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Ball Aerospace Wins OMPS Instrument Contract for Joint Polar Satellite System

September 20, 2010

BOULDER, Colo. - Ball Aerospace & Technologies Corp. has been awarded a sole source contract for the Ozone Mapping and Profiling Suite (OMPS) instrument on the first Joint Polar Satellite System (JPSS) by the National Oceanic and Atmospheric Administration. JPSS is scheduled to launch in 2014.

Ball Aerospace will manufacture, test and deliver OMPS, support instrument integration on the JPSS-1 spacecraft, and provide launch and post-launch support. The instrument will be similar to the OMPS planned for flight on the NPOESS Preparatory Project (NPP) mission scheduled to launch in the fall of 2011.

“Delivery of the first OMPS for NPP was extremely rewarding and we expect to duplicate that success story on the OMPS instrument for JPSS,” said Cary Ludtke, vice president and general manager for Ball’s civil and operational space business unit.

Like its NPP predecessor, OMPS will monitor ozone, collect total column and vertical profile ozone data, and continue the current daily global data provided by the Ball-built Solar Backscatter Ultraviolet Radiometer/2 and Total Ozone Mapping Spectrometer, but with higher accuracy and precision.

JPSS is the restructured civilian portion of the National Polar-orbiting Operational Environmental Satellite System (NPOESS). This includes the satellites and sensors that support civil weather and climate measurements, as well as a ground system that will be shared with the Department of Defense weather satellite system. NASA is acting as the acquisition agent to procure these assets. NASA's Goddard Space Flight Center in Greenbelt, Md., has the lead for acquisition of the restructured program for NOAA.

Ball Aerospace & Technologies Corp. supports critical missions of important national agencies such as the Department of Defense, NASA, NOAA and other U.S. government and commercial entities. The company develops and manufactures spacecraft, advanced instruments and sensors, components, data exploitation systems and RF solutions for strategic, tactical and scientific applications. For more information visit www.ballaerospace.com.

Ball Corporation is a supplier of high-quality packaging for beverage, food and household products customers, and of aerospace and other technologies and services, primarily for the U.S. government. Ball Corporation and its subsidiaries employ more than 14,000 people worldwide and reported 2009 sales of more than $7.3 billion including discontinued operations.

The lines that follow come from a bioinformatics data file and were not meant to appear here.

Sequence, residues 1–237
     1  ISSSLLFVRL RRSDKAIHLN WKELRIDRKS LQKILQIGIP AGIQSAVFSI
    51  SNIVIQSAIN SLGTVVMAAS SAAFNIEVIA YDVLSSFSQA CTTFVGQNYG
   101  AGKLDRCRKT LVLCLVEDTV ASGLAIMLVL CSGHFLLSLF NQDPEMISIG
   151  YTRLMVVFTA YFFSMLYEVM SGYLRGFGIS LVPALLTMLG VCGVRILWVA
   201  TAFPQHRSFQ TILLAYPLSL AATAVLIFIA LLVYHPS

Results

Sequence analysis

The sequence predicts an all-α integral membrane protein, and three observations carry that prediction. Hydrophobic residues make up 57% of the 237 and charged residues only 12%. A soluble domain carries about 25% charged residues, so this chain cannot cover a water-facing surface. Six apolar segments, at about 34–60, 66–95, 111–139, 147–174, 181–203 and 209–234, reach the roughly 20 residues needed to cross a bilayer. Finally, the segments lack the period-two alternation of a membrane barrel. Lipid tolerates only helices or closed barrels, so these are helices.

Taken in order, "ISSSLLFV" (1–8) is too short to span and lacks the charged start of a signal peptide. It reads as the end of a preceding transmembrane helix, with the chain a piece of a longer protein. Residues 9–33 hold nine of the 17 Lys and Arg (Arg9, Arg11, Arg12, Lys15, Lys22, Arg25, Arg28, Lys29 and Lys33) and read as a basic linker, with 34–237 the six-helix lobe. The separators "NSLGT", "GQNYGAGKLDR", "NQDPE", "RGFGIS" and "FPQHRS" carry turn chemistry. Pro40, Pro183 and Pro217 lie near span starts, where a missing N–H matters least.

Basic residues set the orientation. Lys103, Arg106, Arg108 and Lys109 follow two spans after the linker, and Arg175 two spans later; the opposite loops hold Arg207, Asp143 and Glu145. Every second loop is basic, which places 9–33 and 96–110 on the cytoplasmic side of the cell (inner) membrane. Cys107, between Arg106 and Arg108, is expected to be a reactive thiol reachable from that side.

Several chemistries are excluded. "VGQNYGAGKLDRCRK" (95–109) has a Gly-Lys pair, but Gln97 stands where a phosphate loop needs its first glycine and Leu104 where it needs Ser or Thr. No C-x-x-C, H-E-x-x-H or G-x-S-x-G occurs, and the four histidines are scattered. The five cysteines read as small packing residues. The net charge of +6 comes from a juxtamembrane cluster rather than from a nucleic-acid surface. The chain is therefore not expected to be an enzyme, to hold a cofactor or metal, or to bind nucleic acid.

Forward-Looking Statements
This release contains "forward-looking" statements concerning future events and financial performance. Words such as “expects,” “anticipates,” “estimates” and similar expressions are intended to identify forward-looking statements. Such statements are subject to risks and uncertainties which could cause actual results to differ materially from those expressed or implied. The company undertakes no obligation to publicly update or revise any forward-looking statements, whether as a result of new information, future events or otherwise. Key risks and uncertainties are summarized in filings with the Securities and Exchange Commission, including Exhibit 99.2 in our Form 10-K, which are available at our Web site and at www.sec.gov. Factors that might affect our packaging segments include fluctuation in product demand and preferences; availability and cost of raw materials; competitive packaging availability, pricing and substitution; changes in climate and weather; crop yields; competitive activity; failure to achieve anticipated productivity improvements or production cost reductions; mandatory deposit or other restrictive packaging laws; changes in major customer or supplier contracts or loss of a major customer or supplier; and changes in foreign exchange rates or tax rates. Factors that might affect our aerospace segment include: funding, authorization, availability and returns of government and commercial contracts; and delays, extensions and technical uncertainties affecting segment contracts. Factors that might affect the company as a whole include those listed plus: accounting changes; changes in senior management; the current global recession and its effects on liquidity, credit risk, asset values and the economy; successful or unsuccessful acquisitions, joint ventures or divestitures; integration of recently acquired businesses; regulatory action or laws including tax, environmental, health and workplace safety, including in respect of climate change, or chemicals or substances used in raw materials or in the manufacturing process; governmental investigations; technological developments and innovations; goodwill impairment; antitrust, patent and other litigation; strikes; labor cost changes; rates of return projected and earned on assets of the company's defined benefit retirement plans; pension changes; reduced cash flow; interest rates affecting our debt; and changes to unaudited results due to statutory audits or other effects.

 

 

 

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